I read a newspaper article the other day, with this headline:

‘Are these babies really a crime?’

Underneath were photographs of two adorable children lovingly clasped in their parents’ arms. It was a story about gestational surrogacy, prompted by the birth of children to high-profile parents through the use of a surrogate mother.

Are they a crime? Of course not. All babies are beautiful, and these children are loved by their families and no doubt bring much joy. But it highlights the difficulty in evaluating the morality of issues in reproduction, because reproductive technologies are aiming to provide things that are in themselves good—things that are normal for humans to desire; things that we all desire. Because these technologies aim to satisfy these good desires, we hesitate to brand them as wrong. Nonetheless, evaluating them objectively is a necessary task if we are to put all areas of our lives under the lordship of Jesus Christ.

I have written this book in response to many requests from Christians who are struggling to find the information they need to think clearly about the morality of reproductive technology. I write from the perspective of believing that human life begins at fertilization and deserves protection from that time. I will give my reasons for this position, but I accept that some will not agree with me. This book may not be for them (although I hope and trust that it will provide clear and useful information on the current state of play in medicine and technology for all readers). The book will be particularly relevant to those who hold the Christian Bible as authoritative, and want to see how it can be applied to modern reproductive dilemmas.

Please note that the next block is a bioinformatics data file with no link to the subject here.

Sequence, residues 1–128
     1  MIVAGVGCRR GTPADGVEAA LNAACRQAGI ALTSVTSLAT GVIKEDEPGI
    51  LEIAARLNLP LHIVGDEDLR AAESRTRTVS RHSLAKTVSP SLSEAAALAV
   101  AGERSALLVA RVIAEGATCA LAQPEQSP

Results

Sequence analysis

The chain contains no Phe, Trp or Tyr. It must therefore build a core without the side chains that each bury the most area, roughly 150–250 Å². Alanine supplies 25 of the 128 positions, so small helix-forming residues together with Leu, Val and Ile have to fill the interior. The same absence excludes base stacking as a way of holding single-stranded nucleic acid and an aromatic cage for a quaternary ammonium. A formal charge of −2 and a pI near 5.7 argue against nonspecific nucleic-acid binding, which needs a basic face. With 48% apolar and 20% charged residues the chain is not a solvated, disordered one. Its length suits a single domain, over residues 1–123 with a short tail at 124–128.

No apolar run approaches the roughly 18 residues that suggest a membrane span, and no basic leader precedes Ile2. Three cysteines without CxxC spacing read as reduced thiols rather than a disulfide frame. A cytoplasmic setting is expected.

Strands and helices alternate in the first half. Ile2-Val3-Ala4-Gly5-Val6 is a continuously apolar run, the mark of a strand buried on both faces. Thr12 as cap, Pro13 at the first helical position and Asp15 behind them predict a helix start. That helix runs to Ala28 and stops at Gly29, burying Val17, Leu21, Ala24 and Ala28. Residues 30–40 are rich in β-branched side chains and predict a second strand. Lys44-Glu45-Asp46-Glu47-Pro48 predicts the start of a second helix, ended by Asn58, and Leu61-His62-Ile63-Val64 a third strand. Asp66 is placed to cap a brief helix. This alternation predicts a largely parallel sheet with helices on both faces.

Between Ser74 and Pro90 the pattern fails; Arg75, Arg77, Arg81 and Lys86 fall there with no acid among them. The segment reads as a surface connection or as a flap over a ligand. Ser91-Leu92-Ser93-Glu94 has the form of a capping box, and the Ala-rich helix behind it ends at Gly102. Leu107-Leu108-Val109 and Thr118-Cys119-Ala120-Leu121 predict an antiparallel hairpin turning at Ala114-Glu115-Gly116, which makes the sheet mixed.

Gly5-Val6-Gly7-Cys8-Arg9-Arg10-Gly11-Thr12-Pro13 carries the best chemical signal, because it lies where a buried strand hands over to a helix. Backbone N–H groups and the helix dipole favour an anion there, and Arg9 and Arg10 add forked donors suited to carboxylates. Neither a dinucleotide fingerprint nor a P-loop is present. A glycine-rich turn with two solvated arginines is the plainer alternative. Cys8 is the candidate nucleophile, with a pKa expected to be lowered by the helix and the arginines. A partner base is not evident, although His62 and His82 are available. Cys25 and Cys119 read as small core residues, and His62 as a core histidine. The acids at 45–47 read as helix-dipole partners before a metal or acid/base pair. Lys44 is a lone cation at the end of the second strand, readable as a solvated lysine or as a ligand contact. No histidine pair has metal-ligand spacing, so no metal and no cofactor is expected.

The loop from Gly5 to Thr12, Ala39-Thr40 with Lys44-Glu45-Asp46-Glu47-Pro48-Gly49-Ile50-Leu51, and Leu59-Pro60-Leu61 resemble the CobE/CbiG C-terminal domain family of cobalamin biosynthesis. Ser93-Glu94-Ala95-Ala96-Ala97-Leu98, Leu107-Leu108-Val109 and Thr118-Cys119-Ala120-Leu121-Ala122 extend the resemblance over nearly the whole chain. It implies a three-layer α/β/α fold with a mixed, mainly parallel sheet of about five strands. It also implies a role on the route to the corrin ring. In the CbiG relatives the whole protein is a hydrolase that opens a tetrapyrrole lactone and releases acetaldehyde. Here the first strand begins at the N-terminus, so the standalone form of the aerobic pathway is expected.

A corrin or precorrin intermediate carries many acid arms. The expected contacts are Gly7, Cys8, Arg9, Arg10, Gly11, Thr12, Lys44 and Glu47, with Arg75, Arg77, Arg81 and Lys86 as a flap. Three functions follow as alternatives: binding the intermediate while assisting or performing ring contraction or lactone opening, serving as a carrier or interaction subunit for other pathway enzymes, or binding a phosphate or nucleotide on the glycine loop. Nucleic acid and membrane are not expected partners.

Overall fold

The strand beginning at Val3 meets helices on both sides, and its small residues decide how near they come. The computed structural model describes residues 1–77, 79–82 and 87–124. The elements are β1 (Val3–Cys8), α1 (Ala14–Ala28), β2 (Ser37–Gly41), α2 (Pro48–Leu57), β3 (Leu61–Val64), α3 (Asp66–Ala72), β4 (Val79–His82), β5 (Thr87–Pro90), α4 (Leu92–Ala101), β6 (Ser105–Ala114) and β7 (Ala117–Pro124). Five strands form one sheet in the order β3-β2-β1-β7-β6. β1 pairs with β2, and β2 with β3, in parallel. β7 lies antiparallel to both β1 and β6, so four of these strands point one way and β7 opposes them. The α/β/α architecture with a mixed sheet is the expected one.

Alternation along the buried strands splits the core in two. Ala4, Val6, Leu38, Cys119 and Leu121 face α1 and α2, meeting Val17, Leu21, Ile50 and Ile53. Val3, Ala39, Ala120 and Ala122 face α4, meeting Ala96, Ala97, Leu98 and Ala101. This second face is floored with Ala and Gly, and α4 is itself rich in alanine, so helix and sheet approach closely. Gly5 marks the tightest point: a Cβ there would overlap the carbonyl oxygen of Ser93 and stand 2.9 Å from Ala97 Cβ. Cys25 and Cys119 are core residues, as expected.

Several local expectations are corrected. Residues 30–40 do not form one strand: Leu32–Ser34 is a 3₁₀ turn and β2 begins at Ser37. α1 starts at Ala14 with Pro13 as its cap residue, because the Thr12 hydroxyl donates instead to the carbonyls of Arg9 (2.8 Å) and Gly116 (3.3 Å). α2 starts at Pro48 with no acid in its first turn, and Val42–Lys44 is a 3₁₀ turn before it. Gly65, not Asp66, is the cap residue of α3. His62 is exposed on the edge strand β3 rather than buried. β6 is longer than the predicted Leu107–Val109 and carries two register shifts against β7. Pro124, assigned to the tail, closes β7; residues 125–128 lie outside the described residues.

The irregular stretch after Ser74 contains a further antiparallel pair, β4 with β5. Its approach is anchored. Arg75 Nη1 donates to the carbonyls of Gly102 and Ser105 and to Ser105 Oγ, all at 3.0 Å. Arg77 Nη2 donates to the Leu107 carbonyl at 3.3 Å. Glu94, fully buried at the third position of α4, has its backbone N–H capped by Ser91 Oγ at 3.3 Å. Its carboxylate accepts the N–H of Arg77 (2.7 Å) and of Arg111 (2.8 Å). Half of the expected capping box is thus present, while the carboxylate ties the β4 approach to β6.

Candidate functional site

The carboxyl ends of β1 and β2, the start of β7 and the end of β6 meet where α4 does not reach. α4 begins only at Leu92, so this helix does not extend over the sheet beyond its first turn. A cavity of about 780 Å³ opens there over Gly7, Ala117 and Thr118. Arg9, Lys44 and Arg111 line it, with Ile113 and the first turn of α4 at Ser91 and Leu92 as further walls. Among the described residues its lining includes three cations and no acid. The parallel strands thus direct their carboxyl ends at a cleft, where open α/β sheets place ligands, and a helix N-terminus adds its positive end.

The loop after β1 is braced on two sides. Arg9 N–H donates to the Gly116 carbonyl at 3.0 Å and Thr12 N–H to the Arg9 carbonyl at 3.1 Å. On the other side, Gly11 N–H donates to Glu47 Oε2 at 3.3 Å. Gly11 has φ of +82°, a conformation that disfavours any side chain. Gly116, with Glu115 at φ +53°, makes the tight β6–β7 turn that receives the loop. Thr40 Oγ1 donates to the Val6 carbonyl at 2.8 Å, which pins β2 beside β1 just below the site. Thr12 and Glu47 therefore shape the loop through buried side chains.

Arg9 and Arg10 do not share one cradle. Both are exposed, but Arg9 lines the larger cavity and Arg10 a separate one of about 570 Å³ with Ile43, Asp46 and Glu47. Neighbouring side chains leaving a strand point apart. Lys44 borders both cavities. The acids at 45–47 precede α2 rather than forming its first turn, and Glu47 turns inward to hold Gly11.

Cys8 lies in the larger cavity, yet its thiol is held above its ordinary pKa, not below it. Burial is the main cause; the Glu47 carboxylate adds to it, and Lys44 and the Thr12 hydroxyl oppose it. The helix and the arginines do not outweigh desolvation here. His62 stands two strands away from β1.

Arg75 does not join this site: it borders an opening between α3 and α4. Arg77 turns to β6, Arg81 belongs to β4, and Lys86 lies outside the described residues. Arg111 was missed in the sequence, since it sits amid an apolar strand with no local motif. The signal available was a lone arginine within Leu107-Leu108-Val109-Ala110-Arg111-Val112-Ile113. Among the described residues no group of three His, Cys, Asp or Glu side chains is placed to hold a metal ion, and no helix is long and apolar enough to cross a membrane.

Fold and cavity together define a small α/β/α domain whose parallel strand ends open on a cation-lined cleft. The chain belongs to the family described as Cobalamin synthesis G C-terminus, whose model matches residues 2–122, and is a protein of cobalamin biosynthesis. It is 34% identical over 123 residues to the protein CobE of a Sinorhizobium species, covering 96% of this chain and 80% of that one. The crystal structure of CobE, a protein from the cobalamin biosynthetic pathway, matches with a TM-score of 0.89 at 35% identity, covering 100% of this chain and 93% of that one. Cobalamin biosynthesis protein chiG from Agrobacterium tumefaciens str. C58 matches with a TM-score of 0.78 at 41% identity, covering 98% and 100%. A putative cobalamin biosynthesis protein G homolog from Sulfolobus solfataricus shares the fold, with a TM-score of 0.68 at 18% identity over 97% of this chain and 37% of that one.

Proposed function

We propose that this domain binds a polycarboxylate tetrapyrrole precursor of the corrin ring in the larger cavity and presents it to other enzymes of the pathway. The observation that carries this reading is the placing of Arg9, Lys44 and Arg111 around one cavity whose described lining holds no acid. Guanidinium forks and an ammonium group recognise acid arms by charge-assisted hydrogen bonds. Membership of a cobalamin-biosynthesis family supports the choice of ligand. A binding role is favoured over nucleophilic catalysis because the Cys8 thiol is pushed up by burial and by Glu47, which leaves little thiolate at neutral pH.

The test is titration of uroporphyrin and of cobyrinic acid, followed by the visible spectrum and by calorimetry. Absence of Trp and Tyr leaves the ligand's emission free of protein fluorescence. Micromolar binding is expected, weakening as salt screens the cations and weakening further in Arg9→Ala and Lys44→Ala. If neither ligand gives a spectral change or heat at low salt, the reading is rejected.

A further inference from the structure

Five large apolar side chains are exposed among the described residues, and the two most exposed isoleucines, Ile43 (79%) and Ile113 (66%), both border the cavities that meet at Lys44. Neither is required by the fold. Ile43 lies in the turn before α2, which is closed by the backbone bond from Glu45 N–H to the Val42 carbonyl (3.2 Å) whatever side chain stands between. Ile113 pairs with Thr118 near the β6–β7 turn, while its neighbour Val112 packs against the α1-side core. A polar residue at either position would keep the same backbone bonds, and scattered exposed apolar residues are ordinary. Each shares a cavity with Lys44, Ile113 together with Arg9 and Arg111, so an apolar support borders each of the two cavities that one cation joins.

These matters involve personal decisions for which we will answer to God alone. No blame is intended for those whose past choices are now regretted. We make the best decisions we can with the information we have at the time. I now know from experience how difficult it is to get accurate information on some of these topics. This information is intended to help us look forward, not back, and make the best choices we can in the future. We live in a fallen world and none of us is free from the ravages of sin. Thank God that he knows our hearts and forgives our sins when we confess them to him (as 1 John 1:9 promises). Finally, I realize that some of the subject matter in this book refers to unspeakable personal suffering. May the God of all comfort hold you in the palm of his hand.

Megan Best

July 2012

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